I stared at the snowman cup, not a pretty cup, not one I purchased. Thinking back, I think it was “won” in one of those White Elephant games we used to play at the family Christmas, along with some off brand hot chocolate mix – you know, the kits you see in the aisles of the department stores at Christmastime. I brought it to work, because it’s winter. And I like snow and snowmen. And I didn’t have a pretty winter mug. And I needed a cup to make my tea in!

Numi green tea – Gunpowder Green, to be specific. I’d rather be drinking some English tea, or Earl Grey, because that seems a bit more romantic, like I’m in a novel set in England, but I found out several years ago that I have a sensitivity to black tea. Granted, after finding that out, I just stopped drinking it, and I haven’t had any since. I was fine not having black tea. I just drank water or better yet, coffee! Recently, though, I’ve been drinking more tea. Less caffeine. I think I’ll put that on my to-do list. Try black tea. After all, it’s been almost ten years – gosh time flies. Maybe my body decided it doesn’t mind black tea after all!

I’d rather be sharing a cup of tea or an Starbucks Americano with cream with a good friend.  Someone like my daughter.  Before she moved hours away (first she moved hours away by plane.  Now she lives hours away by car), we used to sit on the front porch of her cute little rented bungalow and drink our coffee and talk.  I miss those days.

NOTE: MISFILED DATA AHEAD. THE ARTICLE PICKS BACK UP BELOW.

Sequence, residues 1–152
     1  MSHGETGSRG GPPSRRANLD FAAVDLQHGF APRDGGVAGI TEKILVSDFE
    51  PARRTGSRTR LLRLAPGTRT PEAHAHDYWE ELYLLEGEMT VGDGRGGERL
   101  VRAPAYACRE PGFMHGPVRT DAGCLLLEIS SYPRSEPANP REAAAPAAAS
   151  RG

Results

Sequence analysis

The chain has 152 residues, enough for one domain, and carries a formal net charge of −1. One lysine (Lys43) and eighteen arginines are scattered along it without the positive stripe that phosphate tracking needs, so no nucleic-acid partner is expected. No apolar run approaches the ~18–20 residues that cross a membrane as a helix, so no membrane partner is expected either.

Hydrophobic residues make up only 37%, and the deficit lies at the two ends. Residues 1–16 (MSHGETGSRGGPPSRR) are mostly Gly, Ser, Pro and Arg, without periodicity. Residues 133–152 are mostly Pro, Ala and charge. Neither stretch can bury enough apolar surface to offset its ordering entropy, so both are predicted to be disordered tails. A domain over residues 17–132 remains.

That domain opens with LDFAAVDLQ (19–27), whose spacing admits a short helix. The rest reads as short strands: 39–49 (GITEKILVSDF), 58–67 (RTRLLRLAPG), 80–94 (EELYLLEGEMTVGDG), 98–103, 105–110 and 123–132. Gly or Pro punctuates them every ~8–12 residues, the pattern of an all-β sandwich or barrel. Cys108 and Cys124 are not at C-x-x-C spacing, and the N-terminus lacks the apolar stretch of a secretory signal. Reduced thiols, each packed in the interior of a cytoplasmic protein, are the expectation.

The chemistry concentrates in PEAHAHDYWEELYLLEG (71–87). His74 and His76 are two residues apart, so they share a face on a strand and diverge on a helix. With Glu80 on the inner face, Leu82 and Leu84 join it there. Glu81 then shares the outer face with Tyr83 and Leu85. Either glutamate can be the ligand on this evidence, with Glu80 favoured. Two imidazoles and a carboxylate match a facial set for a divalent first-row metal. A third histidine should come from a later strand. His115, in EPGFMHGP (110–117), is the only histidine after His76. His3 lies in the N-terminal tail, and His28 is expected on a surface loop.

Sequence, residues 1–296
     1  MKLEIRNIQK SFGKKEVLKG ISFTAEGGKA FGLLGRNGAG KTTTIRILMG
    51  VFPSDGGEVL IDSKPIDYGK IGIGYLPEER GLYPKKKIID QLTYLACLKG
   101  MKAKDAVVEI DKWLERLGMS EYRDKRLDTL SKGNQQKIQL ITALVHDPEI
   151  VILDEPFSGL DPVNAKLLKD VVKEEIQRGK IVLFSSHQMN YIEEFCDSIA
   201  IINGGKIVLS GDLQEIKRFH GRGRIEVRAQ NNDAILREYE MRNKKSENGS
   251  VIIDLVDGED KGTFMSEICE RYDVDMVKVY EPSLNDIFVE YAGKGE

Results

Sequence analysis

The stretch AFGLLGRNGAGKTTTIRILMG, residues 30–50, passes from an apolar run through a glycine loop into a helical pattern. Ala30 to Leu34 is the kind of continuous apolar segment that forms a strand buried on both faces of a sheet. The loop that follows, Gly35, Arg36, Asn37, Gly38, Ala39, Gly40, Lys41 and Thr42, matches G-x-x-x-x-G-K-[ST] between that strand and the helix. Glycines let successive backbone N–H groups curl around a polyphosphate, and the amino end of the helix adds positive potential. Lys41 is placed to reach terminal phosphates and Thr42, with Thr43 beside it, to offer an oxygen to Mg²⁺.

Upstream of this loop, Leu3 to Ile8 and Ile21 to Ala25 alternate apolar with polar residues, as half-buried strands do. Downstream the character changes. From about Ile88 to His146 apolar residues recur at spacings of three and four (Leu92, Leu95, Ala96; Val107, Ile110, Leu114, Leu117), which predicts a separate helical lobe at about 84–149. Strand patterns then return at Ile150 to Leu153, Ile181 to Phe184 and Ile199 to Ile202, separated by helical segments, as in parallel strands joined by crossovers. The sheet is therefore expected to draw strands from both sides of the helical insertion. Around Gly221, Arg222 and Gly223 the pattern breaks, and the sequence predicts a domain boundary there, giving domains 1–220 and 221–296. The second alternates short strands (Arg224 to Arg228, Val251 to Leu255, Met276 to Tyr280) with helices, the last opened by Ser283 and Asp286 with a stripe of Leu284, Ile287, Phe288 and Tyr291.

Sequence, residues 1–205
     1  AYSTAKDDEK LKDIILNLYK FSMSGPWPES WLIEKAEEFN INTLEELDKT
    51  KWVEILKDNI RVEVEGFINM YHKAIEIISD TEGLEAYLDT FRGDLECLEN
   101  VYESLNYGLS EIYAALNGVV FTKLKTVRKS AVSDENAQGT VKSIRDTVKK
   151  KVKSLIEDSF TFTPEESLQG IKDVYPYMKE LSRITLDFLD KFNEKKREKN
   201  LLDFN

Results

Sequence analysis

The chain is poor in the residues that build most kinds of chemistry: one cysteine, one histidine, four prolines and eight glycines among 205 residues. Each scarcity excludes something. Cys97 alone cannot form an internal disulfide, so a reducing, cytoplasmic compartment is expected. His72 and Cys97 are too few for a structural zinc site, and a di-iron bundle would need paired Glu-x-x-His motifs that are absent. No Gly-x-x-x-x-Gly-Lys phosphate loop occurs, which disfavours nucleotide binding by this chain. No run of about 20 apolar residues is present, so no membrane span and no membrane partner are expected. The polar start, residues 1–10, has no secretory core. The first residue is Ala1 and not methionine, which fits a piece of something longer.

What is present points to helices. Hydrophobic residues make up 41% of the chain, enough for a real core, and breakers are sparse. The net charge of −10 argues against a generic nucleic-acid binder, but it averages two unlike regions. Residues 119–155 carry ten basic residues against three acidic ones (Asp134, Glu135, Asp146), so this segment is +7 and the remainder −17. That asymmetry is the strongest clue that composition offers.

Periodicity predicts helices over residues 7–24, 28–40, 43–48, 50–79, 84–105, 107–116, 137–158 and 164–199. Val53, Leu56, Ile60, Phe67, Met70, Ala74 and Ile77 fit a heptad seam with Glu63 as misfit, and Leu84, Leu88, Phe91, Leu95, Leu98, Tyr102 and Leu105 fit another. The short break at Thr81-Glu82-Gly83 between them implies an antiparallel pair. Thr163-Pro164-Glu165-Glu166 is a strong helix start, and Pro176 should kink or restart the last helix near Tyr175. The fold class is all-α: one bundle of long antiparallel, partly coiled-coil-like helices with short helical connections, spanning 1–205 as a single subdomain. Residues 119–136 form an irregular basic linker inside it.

We’re in the midst of a pandemic now.  It’s been two years now.  Again, gosh time does fly.  Whenever I think about how long we’ve been in a pandemic, I always think about my daughter-in-law (actually she and my son just live together) saying, “Do you think it will be over by August?  Surely it will be!”  She was pregnant with their second child and due the end of July in 2020. What a scary time!

Didn’t we wish it was only going to last through August of 2020!!  It’s a good thing we didn’t KNOW how long it was going to last!  Sometimes the unknown is better!  It’s easier to hold onto hope.

I’m not the most social person, so I have adapted rather well to all the social distancing and quarantine and isolation.  I miss my adult children that live an hour and a half away and three and a half hours away.  Thank God for technology, though.  We Google Duo and FaceTime, and we talk on the phone quite often.  The truth is that they both had gotten very busy in their lives, so in person visits were tough anyway.  I always tell them, “As long as you are happy and fulfilled by your life, then I am happy!” 

I miss my mom.  She lives next door, but I don’t go over a lot, because there’s always the risk of giving her Covid. I have chronic sinus issues, and always have Covid symptoms! Luckily, my mom may be in her mid-eighties, but she is very sharp.  She emails, texts, does internet, etc.  We text all day long.  When the weather is nice, we visit on her wrap around porch. In the winter, we mask up and stay far apart. When we are both feeling healthy, we might indulge in a hug with our faces turned away from each other.